Poultry production is one of the major area of animal production with significant contribution to human food production. Poultry products provide protein of high biological value (Eshiethe and okere, 1990). Nigeria is endowed with many poultry species which are indigenous to the country. These have lived, adapted and reproduced for several years in the Nigeria environment. Momoh, (2005) estimated poultry population in Nigeria to be about 33 million. With the ever growing population and improvement in the living standard of Nigerians, the demand for egg and other poultry products will continue to grow.

            The Nigerian local chicken exhibits of diversity in morphological characteristic and consist of various unimproved sub-population of heterogeneous characteristics, not yet classified into breeds and varieties since they do not share common ancestry, breed through to type and have no clear plumage colours (obioha, 1992,ibe,2001). They generally exotic counterparts (Nwosu  and omeje, 1985). They are haedly and generally reported to adapt favorably to the local environment (ikeobi and Godwin, 1990). The chickens are flighty in nature, resistant to some diseases and parasites and lay eggs within relatively thick eggshell (peters et al., 2007). The village poultry production is mostly based on the scavenging indigenous domestic chicken (Gallus domesticus). The genetically unimproved local chicken remains predominant in African villages despite the introduction of exotic and cross-react type. This is due to the fact that local farmers have not been able to afford the high input requirement of the introduced breed (Kaiser, 1990).
            Despite their non-resistant and mongrel nature, there exist strains or inbred lines (ibe,1998) within the native chicken populations which have definite genetic constitutions. Based on this the Nigerian local chickens can be group into various genotype or genetic groups having identifiable genes of direct and in directed effect on production and quantitative trait loci (Fayeye et al., 2006). These genes, according to Ibe and Nwosu (1999) called malor genes; advantageous gene complexes or plumage reducing genes which include the naked-nek (Na) and Frizzle (F). These genes are associated with heat tolerance and possess productive adaptability (Horst, 1988). A study by Ojo (2003) reveals that the indigenous poultry industry falls short of its aim of self-sufficiency in animal protein consumption in the country that is put at 5gm/caput per day which is far cry from F 40 recommended level of 35gm/caput. These statistics indicates that there exists an inalienable inequality between the Nigerian human population which grows astronomically and that of poultry.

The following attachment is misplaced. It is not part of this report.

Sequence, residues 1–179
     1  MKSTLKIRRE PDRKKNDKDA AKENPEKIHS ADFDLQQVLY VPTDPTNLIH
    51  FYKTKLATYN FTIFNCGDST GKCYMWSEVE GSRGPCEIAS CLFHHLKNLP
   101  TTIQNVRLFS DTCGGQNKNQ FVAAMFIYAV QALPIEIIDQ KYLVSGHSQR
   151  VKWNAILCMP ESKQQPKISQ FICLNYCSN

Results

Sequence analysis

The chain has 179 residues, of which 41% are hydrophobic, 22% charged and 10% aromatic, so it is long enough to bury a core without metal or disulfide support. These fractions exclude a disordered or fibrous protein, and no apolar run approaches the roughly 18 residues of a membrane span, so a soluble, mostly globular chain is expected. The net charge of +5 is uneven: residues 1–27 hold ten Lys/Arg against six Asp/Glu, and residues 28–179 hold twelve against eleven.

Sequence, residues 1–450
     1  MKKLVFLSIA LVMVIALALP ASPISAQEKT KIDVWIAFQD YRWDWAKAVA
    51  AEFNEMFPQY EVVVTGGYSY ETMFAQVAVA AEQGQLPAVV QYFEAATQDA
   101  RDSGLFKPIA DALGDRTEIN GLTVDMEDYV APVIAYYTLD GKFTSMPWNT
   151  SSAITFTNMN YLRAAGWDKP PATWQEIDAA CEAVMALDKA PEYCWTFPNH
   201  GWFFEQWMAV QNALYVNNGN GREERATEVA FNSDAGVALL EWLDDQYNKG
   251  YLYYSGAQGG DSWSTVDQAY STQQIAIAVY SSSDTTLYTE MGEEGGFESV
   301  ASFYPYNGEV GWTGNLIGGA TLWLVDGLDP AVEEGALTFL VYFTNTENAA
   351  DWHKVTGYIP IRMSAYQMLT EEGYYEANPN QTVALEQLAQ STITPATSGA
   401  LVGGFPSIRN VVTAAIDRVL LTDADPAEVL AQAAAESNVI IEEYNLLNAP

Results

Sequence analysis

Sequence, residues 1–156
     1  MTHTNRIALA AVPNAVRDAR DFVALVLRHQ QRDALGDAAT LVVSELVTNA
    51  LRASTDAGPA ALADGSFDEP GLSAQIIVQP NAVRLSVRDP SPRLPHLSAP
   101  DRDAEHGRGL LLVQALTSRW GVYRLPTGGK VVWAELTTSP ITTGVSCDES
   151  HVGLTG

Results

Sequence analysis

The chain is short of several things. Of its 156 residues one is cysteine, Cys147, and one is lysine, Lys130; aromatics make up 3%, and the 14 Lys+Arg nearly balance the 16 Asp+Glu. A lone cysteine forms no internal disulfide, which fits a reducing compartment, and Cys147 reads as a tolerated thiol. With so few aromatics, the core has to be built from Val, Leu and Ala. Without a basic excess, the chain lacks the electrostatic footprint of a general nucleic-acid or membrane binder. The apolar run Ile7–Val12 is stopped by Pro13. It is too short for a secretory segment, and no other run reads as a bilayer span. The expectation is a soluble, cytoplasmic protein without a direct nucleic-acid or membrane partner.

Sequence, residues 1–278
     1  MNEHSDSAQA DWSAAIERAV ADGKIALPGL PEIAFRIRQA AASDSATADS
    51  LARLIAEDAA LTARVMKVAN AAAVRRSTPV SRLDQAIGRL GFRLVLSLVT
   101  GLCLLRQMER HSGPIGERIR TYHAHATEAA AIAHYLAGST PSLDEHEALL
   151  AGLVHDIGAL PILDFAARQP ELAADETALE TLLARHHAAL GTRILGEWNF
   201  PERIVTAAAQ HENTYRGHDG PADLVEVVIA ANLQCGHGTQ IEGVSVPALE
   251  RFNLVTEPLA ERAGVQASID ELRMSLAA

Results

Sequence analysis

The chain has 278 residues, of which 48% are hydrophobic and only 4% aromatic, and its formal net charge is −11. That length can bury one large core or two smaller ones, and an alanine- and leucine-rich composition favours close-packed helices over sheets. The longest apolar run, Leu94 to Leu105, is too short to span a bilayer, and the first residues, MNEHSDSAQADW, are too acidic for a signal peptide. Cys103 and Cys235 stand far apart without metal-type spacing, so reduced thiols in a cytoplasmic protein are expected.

The native chicken constitutes about 50 percent of the 120 million poultry birds found in Nigeria (FOS, 1996). Aryee and Kutame, (1991) reported that the indigenous village chicken is the most prominent class of livestock in the country and constitutes about 60 – 80% of the total poultry population but their productivity level are low because of poor nutrition and low genetic potential in local chickens, high-yield exotic breeds have been introduced through cockerel exchange programme by the government (Hagan and Adjei)
            This intervention is bedeviled with many challenges: prominent among them is the birds’ inability to adapt to the hot and humid environment, resulting in reduced feed intake and retarded growth (Cowan and Michie, 1988).
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